Rean Graves of the Baltimore Afro-American [newspaper] was incensed by the magazine and wrote in his review, “I have just tossed the first issue of Fire!! into the fire.” Benjamin Brawley went so far as to say that if the U.S. Post Office found out about Thurman’s “Cordelia the Crude,” the magazine might be barred from the mail.[1]

Pretty strong reactions to a fledgling publication! The contributors wrote about touchy subjects such as colorism among Black Americans and prostitution. They made deliberate use of Black American vernacular, in an effort to make the voices of their works ring true to the people they represented. And pissed off a bunch of uptight people in the process, even though only one issue of Fire!! was ever published. It’s easy to think of “cutting edge” in the present tense, but in exploring the magazine, we get the chance to check out what the Black American nonconformists of 1926 had to say, and what value those messages hold for us in the present day.

Anyway, enough out of me! I’m looking forward to talking with you further… hopefully we can start a cool conversation (or several) about this classic work. Stay tuned!

[1]: Patton, Venetria K., and Maureen Honey. “The Harlem Renaissance.” Oxford African American Studies Center: Guest Scholars. Oxford University Press. Web. <>


The only criteria is that you have to be a person of color! Submit here and tell us a little about yourself. Please include links to some writing samples. Good luck!

White allies: There are other ways for you to support the Legacy Series. Please email for details.


Kicking off with FIRE!!, POC Zine Project will make zines by people of color created from the 1700s-1990s available to read and share.

Every Friday (Editor’s note: date pushed to February), you will find a legacy zine by a person of color on We will share more details in 2013.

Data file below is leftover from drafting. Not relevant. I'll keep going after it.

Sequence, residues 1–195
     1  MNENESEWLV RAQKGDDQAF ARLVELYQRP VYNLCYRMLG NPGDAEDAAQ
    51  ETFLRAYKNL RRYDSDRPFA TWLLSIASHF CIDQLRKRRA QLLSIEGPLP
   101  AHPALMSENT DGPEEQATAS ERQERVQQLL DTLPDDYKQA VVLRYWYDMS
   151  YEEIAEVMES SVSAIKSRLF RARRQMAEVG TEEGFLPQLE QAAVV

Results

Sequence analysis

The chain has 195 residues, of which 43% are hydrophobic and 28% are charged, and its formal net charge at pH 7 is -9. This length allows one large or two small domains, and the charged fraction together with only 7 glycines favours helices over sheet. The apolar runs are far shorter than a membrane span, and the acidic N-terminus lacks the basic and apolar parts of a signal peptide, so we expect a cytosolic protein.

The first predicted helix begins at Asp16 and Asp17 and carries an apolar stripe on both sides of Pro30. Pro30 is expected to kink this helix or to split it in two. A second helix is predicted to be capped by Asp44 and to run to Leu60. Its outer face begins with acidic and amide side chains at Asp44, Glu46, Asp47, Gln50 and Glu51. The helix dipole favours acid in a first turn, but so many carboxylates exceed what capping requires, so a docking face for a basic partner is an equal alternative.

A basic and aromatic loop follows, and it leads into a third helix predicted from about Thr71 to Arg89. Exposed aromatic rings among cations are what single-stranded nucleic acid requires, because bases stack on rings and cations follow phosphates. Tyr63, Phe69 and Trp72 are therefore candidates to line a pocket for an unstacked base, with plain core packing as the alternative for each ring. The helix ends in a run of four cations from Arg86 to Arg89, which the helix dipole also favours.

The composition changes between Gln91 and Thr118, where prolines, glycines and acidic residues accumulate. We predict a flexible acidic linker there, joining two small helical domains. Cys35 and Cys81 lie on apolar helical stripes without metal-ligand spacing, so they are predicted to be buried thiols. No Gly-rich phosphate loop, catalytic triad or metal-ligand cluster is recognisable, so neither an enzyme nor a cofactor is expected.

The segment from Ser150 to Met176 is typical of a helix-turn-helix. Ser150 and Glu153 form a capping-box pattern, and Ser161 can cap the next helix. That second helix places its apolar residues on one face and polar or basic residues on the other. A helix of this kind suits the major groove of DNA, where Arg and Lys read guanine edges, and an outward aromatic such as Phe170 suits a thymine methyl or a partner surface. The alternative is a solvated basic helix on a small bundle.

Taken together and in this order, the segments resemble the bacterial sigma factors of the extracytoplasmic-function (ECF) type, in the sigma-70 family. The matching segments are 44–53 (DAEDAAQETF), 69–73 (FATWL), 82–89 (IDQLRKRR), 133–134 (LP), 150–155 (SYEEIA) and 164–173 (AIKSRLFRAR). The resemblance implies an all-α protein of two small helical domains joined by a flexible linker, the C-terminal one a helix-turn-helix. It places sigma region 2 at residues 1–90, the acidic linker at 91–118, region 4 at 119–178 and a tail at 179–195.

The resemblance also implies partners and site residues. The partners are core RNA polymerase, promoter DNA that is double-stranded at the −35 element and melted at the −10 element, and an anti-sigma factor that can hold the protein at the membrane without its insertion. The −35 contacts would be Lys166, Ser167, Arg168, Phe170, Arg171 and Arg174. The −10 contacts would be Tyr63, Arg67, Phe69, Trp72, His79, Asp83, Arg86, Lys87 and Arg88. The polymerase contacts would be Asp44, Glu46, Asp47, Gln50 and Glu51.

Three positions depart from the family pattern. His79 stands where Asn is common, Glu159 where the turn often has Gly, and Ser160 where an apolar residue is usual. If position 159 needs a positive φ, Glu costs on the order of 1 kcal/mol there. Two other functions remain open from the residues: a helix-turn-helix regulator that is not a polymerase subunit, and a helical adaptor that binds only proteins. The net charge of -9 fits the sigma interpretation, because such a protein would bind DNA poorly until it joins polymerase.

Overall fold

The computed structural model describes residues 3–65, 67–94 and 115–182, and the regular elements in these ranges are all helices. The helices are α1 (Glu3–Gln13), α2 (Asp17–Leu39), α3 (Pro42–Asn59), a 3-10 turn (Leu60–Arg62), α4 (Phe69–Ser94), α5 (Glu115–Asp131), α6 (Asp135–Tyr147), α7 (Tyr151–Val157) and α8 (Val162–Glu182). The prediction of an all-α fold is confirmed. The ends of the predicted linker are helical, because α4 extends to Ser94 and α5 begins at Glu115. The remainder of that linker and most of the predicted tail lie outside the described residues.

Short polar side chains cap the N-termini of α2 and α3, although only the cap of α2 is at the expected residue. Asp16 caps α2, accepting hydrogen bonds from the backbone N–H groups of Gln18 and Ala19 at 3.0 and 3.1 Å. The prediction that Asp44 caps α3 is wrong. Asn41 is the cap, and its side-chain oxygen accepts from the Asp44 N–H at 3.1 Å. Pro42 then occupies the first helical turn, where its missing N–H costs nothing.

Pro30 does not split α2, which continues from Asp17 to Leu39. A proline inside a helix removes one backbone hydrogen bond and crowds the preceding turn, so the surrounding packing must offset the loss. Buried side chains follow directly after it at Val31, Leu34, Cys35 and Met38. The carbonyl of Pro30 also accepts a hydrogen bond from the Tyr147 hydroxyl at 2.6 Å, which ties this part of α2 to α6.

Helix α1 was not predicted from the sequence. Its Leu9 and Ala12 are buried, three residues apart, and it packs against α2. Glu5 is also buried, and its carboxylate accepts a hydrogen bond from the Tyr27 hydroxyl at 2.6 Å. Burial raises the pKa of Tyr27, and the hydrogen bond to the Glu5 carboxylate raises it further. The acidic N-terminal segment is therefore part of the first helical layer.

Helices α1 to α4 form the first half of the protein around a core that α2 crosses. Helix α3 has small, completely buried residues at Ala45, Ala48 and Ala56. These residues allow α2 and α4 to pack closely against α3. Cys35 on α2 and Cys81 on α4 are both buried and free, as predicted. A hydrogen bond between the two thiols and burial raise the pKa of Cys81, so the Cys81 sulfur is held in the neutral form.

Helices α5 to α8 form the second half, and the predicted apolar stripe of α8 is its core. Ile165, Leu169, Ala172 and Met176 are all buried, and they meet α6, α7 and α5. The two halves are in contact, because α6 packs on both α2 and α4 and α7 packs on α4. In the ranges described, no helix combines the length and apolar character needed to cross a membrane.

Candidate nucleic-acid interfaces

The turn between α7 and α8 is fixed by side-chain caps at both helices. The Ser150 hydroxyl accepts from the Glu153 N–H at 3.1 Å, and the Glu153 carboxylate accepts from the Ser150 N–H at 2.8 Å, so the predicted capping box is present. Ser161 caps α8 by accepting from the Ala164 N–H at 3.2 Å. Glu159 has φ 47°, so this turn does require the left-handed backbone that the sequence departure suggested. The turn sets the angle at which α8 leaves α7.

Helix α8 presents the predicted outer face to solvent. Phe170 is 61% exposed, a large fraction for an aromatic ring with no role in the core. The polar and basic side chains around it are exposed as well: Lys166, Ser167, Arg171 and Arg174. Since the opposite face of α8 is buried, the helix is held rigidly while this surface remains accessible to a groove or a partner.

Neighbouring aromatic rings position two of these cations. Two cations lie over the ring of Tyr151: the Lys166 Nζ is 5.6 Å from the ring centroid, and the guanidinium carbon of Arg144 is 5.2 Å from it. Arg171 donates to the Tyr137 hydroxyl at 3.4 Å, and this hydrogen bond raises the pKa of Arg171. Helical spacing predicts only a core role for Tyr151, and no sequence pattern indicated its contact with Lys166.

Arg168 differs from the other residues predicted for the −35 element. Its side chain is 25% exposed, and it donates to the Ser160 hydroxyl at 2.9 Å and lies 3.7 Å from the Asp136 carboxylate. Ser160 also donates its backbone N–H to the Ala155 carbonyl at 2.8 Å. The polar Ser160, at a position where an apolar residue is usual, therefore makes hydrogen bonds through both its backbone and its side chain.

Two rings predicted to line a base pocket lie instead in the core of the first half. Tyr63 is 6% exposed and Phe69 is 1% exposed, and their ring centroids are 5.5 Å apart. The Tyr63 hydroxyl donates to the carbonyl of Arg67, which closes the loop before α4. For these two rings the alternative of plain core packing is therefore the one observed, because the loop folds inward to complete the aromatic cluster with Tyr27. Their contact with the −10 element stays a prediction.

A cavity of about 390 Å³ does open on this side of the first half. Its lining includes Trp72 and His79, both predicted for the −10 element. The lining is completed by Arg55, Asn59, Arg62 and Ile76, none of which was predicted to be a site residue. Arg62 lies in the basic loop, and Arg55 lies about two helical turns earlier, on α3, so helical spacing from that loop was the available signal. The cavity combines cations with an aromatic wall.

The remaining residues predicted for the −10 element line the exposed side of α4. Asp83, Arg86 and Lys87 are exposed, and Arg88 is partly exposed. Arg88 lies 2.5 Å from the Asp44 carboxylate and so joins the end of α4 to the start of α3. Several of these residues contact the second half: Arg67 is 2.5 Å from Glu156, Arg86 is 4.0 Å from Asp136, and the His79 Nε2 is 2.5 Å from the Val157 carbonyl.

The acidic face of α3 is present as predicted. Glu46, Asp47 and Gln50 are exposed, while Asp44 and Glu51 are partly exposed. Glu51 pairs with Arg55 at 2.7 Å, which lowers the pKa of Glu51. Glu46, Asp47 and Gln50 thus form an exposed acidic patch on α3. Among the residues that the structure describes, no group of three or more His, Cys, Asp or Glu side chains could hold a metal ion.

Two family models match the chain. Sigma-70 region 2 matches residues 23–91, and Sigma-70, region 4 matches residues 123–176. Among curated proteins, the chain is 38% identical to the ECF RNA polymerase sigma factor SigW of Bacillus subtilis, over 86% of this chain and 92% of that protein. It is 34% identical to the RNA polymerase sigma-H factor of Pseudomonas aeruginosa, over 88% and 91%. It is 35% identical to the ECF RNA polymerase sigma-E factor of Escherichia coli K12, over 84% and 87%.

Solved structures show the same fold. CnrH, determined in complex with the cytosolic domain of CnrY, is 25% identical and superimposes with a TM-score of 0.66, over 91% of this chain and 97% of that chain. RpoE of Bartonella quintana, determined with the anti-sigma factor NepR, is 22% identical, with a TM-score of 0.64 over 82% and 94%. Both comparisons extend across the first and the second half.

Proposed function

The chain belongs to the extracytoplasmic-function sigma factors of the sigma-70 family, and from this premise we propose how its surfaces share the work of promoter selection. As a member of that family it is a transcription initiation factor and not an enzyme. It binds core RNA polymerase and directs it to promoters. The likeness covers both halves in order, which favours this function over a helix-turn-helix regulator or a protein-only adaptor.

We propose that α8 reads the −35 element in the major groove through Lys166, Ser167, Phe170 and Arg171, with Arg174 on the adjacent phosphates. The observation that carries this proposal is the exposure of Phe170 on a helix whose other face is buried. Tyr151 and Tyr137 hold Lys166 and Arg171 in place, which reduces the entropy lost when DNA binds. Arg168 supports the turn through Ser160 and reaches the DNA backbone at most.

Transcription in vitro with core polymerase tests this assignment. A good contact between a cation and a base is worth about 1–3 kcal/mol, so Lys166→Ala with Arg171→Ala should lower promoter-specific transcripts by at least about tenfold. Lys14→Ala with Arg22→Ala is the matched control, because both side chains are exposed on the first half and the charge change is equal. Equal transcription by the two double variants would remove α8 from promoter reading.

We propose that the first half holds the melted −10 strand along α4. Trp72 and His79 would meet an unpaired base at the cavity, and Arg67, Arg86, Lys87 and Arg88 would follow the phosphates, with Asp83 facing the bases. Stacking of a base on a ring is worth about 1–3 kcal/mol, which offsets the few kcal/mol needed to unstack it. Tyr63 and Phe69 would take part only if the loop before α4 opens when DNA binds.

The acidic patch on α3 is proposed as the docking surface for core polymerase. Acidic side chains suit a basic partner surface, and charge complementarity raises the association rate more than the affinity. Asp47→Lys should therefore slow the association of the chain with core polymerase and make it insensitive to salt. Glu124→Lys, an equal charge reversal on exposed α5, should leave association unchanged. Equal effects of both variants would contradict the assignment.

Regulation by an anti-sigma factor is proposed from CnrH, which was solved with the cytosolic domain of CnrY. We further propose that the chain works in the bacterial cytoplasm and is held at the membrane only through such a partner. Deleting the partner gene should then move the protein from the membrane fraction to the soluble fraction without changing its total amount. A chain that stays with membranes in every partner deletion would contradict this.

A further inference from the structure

People of color in the U.S. have produced independent publications (zines) for decades. Many of these zines were political in nature, creating cracks in the lens of white supremacy that shaped (and continues to inform) popular culture and legislation.

These zines were new maps to our liberation, countering the negative propaganda of what people of color looked like, thought and were capable of achieving.

We want the world to know about these legacy zines, so we are going to archive and share them to the best of our ability.

We look forward to partnering with distros, academic spaces, libraries, anti-authoritarian collectives, literary journals, bloggers and more to share the Legacy Series.

“NEW” ZINESTERS: We will still share information about new and upcoming zines by people of color :) Please continue to submit your zines to the archive.


POC Zine Project held its first Race Riot! Tour in 2012, producing 20 events in 14 cities, which included speaking engagements at six universities. Click here to view photos from the POC Zine Project: 2012 Race Riot! Tour tour finale at Death By Audio in Brooklyn and access all the tour stop recaps.

We will be taking the Race Riot! Tour through 14 more cities in 2013. Stay tuned!


If everyone in our community gave $1, we would more than meet our fundraising goal for 2013. If you have it to spare, we appreciate your support. All funds go to our 2013 tour, the Legacy Series and the poverty zine series.

DONATE link via PayPal:

Signal boosting! Support the POC Zine Project! My kickass friend Daniela is involved with this and you should ALL be following this blog.